7 An improved partitioning mechanism for optimizing massive data 545 Algorithm 1 Trie Cut Point Algorithm Input: IS: set of input strings i: index in the trie array triesize: size of the trie array partitioncount: total number of partitions prefixcount: number of prefixes in the trie array k: partition number Output: OS: a set of partitioned strings Create IS by extracting n samples from source data. 1. counter = 0 2. for each stringsinis 3. tc = TrieCode(S) 4. if(trie[tc]==false) 5. prefixcount = prefixcount end if 7. trie[tc]=true 8. end for 9. splitsize = prefixcount / partitioncount 10. for i = 0 to triesize 11. if(trie[i] ==TRUE) 12. split = split if (split >= splitsize) 14. k = k end if 16. OS k.add(trie[i]) 17. endif 18. end for A trie has two advantages over the quicksort algorithm. Firstly, the time complexity for insertion and search of the trie algorithm is O(k) where k is the length of the key. Meanwhile, the quicksort algorithm best and average case is O(n log n) and in the worst case O(n 2 ) where n is the number of keys in its sample. Secondly, a trie has a fixed memory footprint. This means the number of samples entered into the trie can be extremely large if so desired. Algorithm 1 shows how this trie is used. In Algorithm 1, the trie is an array accessed via a trie code. A trie code is similar to a hashcode, but the codes it produces occur in sequential ASCIIbetical order. The equation for the trie code is as follows: TrieCode = W n 256 n 1 + W n n 2 + +W TotalWord = n=1 W n 256 n 1 (2)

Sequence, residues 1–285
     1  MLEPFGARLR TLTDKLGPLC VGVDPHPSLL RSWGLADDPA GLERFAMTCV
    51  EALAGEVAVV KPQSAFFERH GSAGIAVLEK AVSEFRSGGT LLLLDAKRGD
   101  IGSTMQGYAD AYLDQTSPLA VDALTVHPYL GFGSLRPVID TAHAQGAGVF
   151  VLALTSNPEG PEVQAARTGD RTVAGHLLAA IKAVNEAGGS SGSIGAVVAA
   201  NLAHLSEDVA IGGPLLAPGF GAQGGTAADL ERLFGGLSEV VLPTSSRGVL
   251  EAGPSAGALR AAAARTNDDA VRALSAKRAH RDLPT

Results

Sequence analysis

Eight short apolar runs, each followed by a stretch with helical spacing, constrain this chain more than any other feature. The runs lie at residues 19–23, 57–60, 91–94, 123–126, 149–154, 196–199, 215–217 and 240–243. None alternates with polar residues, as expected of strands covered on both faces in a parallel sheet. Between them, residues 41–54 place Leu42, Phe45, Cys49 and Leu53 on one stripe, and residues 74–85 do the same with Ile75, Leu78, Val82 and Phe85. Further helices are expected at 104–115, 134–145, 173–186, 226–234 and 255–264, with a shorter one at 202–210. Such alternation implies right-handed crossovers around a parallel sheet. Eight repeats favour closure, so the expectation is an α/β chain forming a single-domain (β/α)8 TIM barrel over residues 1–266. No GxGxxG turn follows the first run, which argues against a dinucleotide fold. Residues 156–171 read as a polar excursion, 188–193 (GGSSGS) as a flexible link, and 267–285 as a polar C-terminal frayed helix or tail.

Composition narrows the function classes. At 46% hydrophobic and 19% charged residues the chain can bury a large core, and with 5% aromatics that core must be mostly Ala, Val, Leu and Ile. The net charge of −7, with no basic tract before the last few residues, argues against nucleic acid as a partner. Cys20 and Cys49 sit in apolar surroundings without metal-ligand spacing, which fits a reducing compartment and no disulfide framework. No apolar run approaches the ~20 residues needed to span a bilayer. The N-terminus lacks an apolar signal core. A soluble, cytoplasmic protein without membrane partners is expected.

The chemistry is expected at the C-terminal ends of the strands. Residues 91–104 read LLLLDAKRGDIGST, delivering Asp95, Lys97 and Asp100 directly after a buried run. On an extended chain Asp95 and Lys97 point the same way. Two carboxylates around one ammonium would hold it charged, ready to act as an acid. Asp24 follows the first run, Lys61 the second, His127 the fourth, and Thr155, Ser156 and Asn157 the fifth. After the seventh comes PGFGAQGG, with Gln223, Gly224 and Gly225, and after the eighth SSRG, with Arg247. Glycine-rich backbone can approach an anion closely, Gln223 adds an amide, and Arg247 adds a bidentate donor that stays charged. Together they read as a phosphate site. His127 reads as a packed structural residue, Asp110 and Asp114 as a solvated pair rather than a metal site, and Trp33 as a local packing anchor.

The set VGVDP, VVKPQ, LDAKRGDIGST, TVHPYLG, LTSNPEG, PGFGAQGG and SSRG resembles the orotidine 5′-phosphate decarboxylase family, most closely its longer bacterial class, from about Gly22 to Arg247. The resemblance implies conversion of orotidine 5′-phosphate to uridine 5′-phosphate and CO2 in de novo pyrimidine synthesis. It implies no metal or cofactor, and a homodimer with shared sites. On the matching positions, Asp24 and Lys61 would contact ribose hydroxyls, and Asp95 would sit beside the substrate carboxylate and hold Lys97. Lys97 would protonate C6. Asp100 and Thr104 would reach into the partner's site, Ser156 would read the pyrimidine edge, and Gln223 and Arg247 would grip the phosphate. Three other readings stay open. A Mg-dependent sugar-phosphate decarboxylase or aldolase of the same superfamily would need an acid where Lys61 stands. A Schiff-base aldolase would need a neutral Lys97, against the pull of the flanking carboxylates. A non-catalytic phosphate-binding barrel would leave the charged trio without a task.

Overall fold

8 546 K. Slagter et al. Fig. 3 Strings stored in a trie Table 1 XTrie partitioner using atwo-leveltrie Prefix Keys Trie code Count Partition ar arm 0x ba barn 0x bi big bird 0x bo ca boat bone book boot card cash cat 0x626f 4 2 0x do dot 0x646f 1 The problem with using a conventional trie is that it fails to reflect strings that share the same prefix. This can result in an uneven distribution of keys and an imbalanced workload. As an example, consider the set of keys { arm, barn, big, bird, boat, bone, book, boot, card, cash, cat, and dot } as stored in the trie in Fig. 3. Since a two-level trie can only contain the first two characters of a string, the strings are truncated and the set is reduced to { ar, ba, bi, bo, ca, do }. If there are three reducers, the workload would be divided into three partitions. Each partition is then sent to a different reducer. This results in reducer-1 processing keys starting with { ar, ba }, reducer-2 processing keys starting with { bi, bo }, and reducer- 3 processing keys starting with { ca, do }. Consequently, reducer-1 processes two keys, reducer-2 processes 6 keys and reducer-3 processes 4 keys. This workload is imbalanced, as ideally all three reducers should process the same number of keys. In order to ameliorate this problem Xtrie uses a counter for each node in the trie. By using a counter, keys have proportional representation and the partitioner can distribute the total number of keys among reducers more evenly. Table 1 assumes a two-level trie is used and that three partitions are required. In Table 1, each prefix keeps count of how many keys are associated with it. Once all the keys have been inserted in the trie, the keys are divided up amongst the partitions based on the prefix count. In this example, the total number of keys is = 12.